With an expected unemployment rate of just 5% in 2023, job seekers in Ireland have plenty of opportunities to choose from. This has created a "war for talent" in Ireland amongst employers in the asset management, fund services, and wider financial services sectors, says Andrea Lennon, Country Head of Ireland for Crestbridge.

This is down to the success Ireland has experienced in the evolution of its financial services and asset management industries. Previously, the country was primarily known as a back-office hub, but it is now transitioning towards middle-office roles, with an emphasis on attracting jobs in risk and compliance. 

This shift has resulted in a significant upskilling of the workforce, as people learn new skills and take on new jobs. 
Because of this success and availability of new types of roles, Ireland has become a hot spot for both Irish nationals returning home and foreign nationals seeking employment for the first time.

These people returning or coming to Ireland for the first time are bringing with them a diverse range of skills to the economy, particularly in the private equity sector, for example bringing deep expertise in portfolio analysis and valuation, impairment testing under IFRS and US GAAP, taxation and liquidity of equity interests and so on.

The next phase of Ireland's back-to-middle office evolution will be the transition to front-office positions, such as portfolio management and fund distribution, which bodes well for Ireland's future. However, with staff in short supply for current roles, employers are fiercely competing for top talent. 

To address this, the asset management industry has teamed up with universities and technical colleges to produce the next generation of skilled workers in sectors such as funds, banks, and structured products.

Finance is one key area the government is focused on helping bringing more talent into the country, alongside life sciences, pharma, tech, and aviation (a now established sector and where many universities offer tailored courses in this area). The Industrial Development Agency ('IDA Ireland') has also done a great job in successfully bringing investment not just into Dublin but into regional centres of excellence around the country, such as Kilkenny, Limerick, Waterford, and Cork.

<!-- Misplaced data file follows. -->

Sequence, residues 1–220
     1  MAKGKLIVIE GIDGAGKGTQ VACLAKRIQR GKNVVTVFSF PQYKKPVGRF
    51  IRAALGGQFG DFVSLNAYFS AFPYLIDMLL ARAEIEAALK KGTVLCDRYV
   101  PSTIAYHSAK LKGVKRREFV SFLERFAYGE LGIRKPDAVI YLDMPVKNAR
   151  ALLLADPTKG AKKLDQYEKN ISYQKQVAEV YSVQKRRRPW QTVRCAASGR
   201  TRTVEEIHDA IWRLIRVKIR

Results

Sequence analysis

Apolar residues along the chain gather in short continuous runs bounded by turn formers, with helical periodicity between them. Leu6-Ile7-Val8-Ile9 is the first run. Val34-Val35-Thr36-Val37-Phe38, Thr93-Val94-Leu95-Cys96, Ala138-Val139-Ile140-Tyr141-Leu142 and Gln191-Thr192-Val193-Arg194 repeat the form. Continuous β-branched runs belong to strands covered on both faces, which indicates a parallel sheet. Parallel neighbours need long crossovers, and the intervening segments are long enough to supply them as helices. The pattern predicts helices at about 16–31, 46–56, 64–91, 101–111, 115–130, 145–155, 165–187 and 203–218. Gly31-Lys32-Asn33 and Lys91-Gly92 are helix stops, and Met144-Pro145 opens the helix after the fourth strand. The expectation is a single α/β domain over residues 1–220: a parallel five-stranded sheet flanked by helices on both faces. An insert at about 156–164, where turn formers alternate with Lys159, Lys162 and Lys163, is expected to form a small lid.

This has created financial hubs outside of Dublin, distributing job opportunities throughout the country. It's very easy to get around the country, so there's no reason why the regions couldn't benefit from a wider distribution of jobs.

The increased skill set and talent pool that Ireland is already able to bring to the global asset management industry, as well as future skill sets currently being incubated, creates benefits for fund managers. 

With talent markets tighter across Europe comparatively than Ireland, especially in Luxembourg, there's a physical limit on the amount of funds that can be launched at any one time from the European continent. 

Managers who don't want to delay in launching new funds or raising assets for them, have been considering Ireland as a suitable alternative. Ireland has had success in attracting UK and US managers anyhow in recent years, but the tight talent market in Europe is exacerbating this trend. 

Other factors that are making Ireland more attractive include the recent Finance Act, the high level of education in Ireland, the large pool of talented workers (the funds industry currently employs 17,000 people), the common use of English and the similarities between Ireland's legal system and working culture and those of the UK and USA. 

Additionally, Ireland has long-established relationships with some international UK and US managers like Blackrock, Abrdn, Aon, KKR, Carlyle, Blackstone, GSAM and others. 

There are several strategies that fund managers are using to effectively handle the war for talent in Ireland and across Europe:

  • Offer competitive compensation and benefits: Beyond health insurance, retirement plans, flexible work arrangements and professional development opportunities that exceed previous industry expectations, private equity firms are sharing carry more widely.
  • Foster a positive company culture: A positive company culture can be a major draw for staff who have a wide choice of where they work. Fund managers are striving to create a welcoming, supportive, and inclusive work environment that encourages employees to feel valued and motivated. Diversity, Equality and Inclusion has been a big trend in talent acquisition recently.
  • Investing in employee development: Companies that invest in employee development are more likely to retain top talent. As opportunities in the middle and front-office grow, staff are looking to enhance their skillsets and perhaps move into these other areas. Companies who are providing opportunities for professional development, training and enhancing the new skills required to move into these roles are more likely to keep staff motivated to stay with them.
  • Offering flexible work arrangements: Many people in the sector now value flexibility in their work arrangements. Companies that offer options like remote work or flexible scheduling may be more attractive to job candidates.

By Andrea Lennon, Country Head of Ireland for Crestbridge.